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Getting classes in GEAR: A lesson planning model for English reteaching

Page No.: 
19
Writer(s): 
Charles Kowalski, Tokai University

Japanese university students begin their first English class with at least six years of study in public school behind them. This has often been supplemented by exam preparation courses. The degree to which this study has prepared them to communicate effectively in English, however, varies widely among individuals, often resulting in a wide range of ability levels within one university class.

There are two opposite, and equally counterproductive, stances that teachers can take when confronted with such a class. One says to students, You've been studying this language for so long, you should have no problem using it for communication! This paves the way for frustration on both sides when the situation turns out not to be so simple. The other, possibly more common, stance sends the message, I'm sorry, but all the hours you've spent studying English so far have been wasted time; if you want to learn to communicate, you'll have to start again from zero. This assumption ignores the knowledge that students already bring with them to the classroom, which may be stashed away in receptive memory but is, nonetheless, present.

A classroom situation where ability levels vary widely and students' past experience is an unknown, but important, variable, calls for a slightly different approach than a language class in which most, or all, students will be meeting the material for the first time. This paper will present a lesson planning model tailored to such situations, and provide examples of the model at work in two classes, one with a primarily lexical focus, the other with a focus on form.

Teaching vs. Reteaching

While teaching in the ordinary sense could be taken to mean the imparting of new information, English instruction in Japanese universities often seems more like reteaching, helping students to apply old information in a new way. While the acquisition of new knowledge will certainly play an important role, a more apt definition of reteaching might be transforming knowledge and attitudes.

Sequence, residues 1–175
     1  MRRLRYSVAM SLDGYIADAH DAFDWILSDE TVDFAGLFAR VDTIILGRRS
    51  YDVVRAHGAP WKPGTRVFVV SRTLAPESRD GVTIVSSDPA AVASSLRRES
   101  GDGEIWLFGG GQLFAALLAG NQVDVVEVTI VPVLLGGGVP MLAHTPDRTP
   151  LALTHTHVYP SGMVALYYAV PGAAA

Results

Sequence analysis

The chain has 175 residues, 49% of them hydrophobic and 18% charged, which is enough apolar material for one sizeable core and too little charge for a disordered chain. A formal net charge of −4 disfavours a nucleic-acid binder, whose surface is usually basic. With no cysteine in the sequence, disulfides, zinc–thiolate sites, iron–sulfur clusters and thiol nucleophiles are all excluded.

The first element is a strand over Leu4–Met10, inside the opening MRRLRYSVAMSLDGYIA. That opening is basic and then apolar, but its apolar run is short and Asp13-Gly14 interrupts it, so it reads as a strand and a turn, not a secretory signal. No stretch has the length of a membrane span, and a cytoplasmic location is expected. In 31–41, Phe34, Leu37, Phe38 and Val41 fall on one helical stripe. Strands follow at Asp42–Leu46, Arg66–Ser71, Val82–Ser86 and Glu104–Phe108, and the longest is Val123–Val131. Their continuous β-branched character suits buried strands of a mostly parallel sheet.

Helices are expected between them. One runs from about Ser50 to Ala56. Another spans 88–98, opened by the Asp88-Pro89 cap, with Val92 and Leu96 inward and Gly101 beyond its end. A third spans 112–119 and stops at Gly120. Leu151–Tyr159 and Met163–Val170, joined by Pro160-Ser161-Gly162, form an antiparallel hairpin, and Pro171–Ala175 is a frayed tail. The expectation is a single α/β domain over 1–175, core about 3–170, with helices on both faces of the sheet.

One challenge in reteaching is transforming knowledge from declarative, or knowing about, to procedural, or knowing how (Squire, 1986). Just as learning to drive requires both declarative knowledge (traffic laws) and procedural knowledge (how to shift, turn, brake, etc.), speaking a foreign language naturally calls for knowledge of both types (Chamot, O'Malley, & Walker, 1987). However, in many cases, the study of English prior to university has left Japanese learners with primarily declarative knowledge, such as grammatical rules. These learners have had little opportunity to develop the procedural skills of applying those rules in order to produce accurate and meaningful language in real time.

Another challenge in reteaching lies in transforming knowledge from receptive to productive. While students may come to class with a large store of recognizable English vocabulary gained through intensive reading, memorization, and translation, they may have had little practice using this vocabulary in a productive setting. Many students thus have a considerable treasury of vocabulary locked away in their minds, and the challenge in reteaching is to help learners unlock the storehouse and move the contents to a more readily accessible place.

A final challenge lies in transforming attitudes. Many students begin their study of university-level English with feelings of anxiety and intimidation, and a poor self-image of themselves as English users, brought on by perceived failure or lack of progress in the past (Burden, 2002). At the same time, a number of students still remember their delight at first learning a new language and watching their world expand daily, and retain the hope of rediscovering that feeling (Kowalski, 2002). In order for reteaching to be effective, the teacher's job also involves helping students to overcome negative and self-defeating preconceptions of their own ability, and setting the stage for success. What kind of approach would be most effective in making full use of students' prior knowledge, transforming it from passive to active, and helping to change attitudes from negative to positive? The model presented here is intended to address [this] question.